MG ZT 260 front 3/4 view

The Fast & The Forbidden: 2003-’05 MG ZT 260 [w/ Video]

MG ZT 260 front 3/4 view

A couple years after the turn of the current century, MG Rover Group – the last British-owned mass-market car company – was barely clinging to life. It had been kicked to the curb by BMW (but not before the Bavarians made the decision to keep Mini for themselves and sell Land Rover to Ford) and left severely cash-strapped. But the company wasn’t about to let those hurdles stand in its way of creating new and interesting models.

Such was the case with the MG ZT sedan (and its station wagon counterpart, the ZT-T), which debuted in 2001. Yes, it shared almost all of its parts with the Rover 75 that hit the market two years earlier, but it had a much sportier flair to it. A mesh grille, monochromatic trim, bigger wheels wearing performance tires, more limber suspension setup and some unique tuning on certain engines made the ZT decidedly less cynical than the average badge-engineering job. But it wasn’t until the 2003 model year that MG’s flagship passenger car made the jump from sporty sedan to super sedan, with a transatlantic terror called the ZT 260.

MG ZT 260 rear 3/4 view

Outwardly, the ZT 260 didn’t look drastically different from other ZT variants. The main giveaways were the badges on the trunk and front fenders, plus quad tailpipes poking out from the rear bumper. Under the surface, though, it was a very different story. Initially, MG tasked Prodrive – the highly accomplished motorsports and automotive engineering firm – with transforming the ZT’s R40 platform (designed for transversely-mounted inline-fours and V6s driving the front wheels) into the X12 platform (which would use a V8 mounted longitudinally to drive the rear wheels). As it turned out, converting a front-drive car to rear-drive isn’t all that straightforward (Who would have guessed?).

Pretty soon, MG and Prodrive started butting heads over the progress of the project, as well as (rumor has it) the financial terms of the deal. Eventually, MG brought the program in house and managed to scrounge together enough resources to finish it. In the end, most of the floor was replaced with all-new stampings that made room for the transmission, driveshaft, rear differential and revised suspension, as well as modifications to the front inner fenders and other areas of the engine compartment.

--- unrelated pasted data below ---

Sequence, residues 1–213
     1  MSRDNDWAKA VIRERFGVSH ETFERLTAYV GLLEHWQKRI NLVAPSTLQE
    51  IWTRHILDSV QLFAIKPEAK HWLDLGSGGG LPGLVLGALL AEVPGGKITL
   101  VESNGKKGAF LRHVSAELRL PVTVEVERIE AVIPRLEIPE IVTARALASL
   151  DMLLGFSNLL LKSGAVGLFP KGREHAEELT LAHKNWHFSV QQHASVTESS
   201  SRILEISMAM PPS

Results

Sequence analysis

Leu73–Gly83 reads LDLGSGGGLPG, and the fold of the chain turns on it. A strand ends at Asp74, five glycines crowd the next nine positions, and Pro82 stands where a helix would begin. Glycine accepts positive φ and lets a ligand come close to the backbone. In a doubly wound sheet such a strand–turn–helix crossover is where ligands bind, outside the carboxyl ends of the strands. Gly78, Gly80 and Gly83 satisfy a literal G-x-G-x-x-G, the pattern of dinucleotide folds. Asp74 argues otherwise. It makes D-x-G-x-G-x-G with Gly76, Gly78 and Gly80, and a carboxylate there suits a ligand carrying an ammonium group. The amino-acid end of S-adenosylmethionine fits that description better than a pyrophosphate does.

MG ZT 260 interior view

What engine prompted MG to go to all that trouble? That would be the SOHC 16-valve 4.6L version of the Ford Modular V8 that was found under the hood of the contemporary Mustang GT. It made the same 260 horsepower and 302 lb.-ft of torque as it did in the ‘Stang, and offered the choice of the same 5-speed manual and 4-speed automatic transmissions. Early plans to offer an even more muscular ZT 390 with the then-current Mustang SVT Cobra’s supercharged DOHC 32-valve 4.6 sadly never materialized due to the aforementioned monetary constraints.

Even so, the ZT 260 didn’t exactly struggle to get out of its own way. The ZT 260 would scoot to 60 mph from a standstill in 6.2 seconds (6.3 seconds for the ZT-T 260), and an electronically-limited top speed of 155 mph. Not exactly a match for modern super sedans, but because the ZT 260 looks 99.99% identical to all the underachiever front-drive ZTs from the outside, it’s great for sneaking up on and messing with proper sports cars. And in case the ZT 260 still wasn’t enough of a sleeper for your liking, you could also get it in fancy-pants Rover form: The Rover 75 V8, a model that, like the ZT 260, was available as a sedan or wagon with a manual or automatic transmission.

MG ZT 260 engine view

All told, a total of 883 of these Anglo-American mutants (both MGs and Rovers and the sedans and wagons of each) were built before MG Rover Group went belly up in April 2005. When production resumed in China two years later under new parent company Nanjing Automobile, the ZT was renamed the MG7, and the V8 version was nowhere to be found. In fact, the MG7 has never even been offered in the UK! So the ZT 260 and its derivatives are very rare.

And they are even rarer on this side of the pond, since MG retreated from the U.S. market way back in 1980 and Rover pulled out in 1991 (except it went by Sterling over here, as the Rover brand was severely tainted by the quality and reliability sins of the past) after somehow managing to suck nearly all the quality, reliability and baked-in goodness out of the first-generation Acura Legend. That being said, we’re aware of at least one ZT-T 260 that, against all odds, managed to get its vehicular green card. Unfortunately, it will be some years before even our Canadian friends can start bringing in these bruisers en masse. Such is life…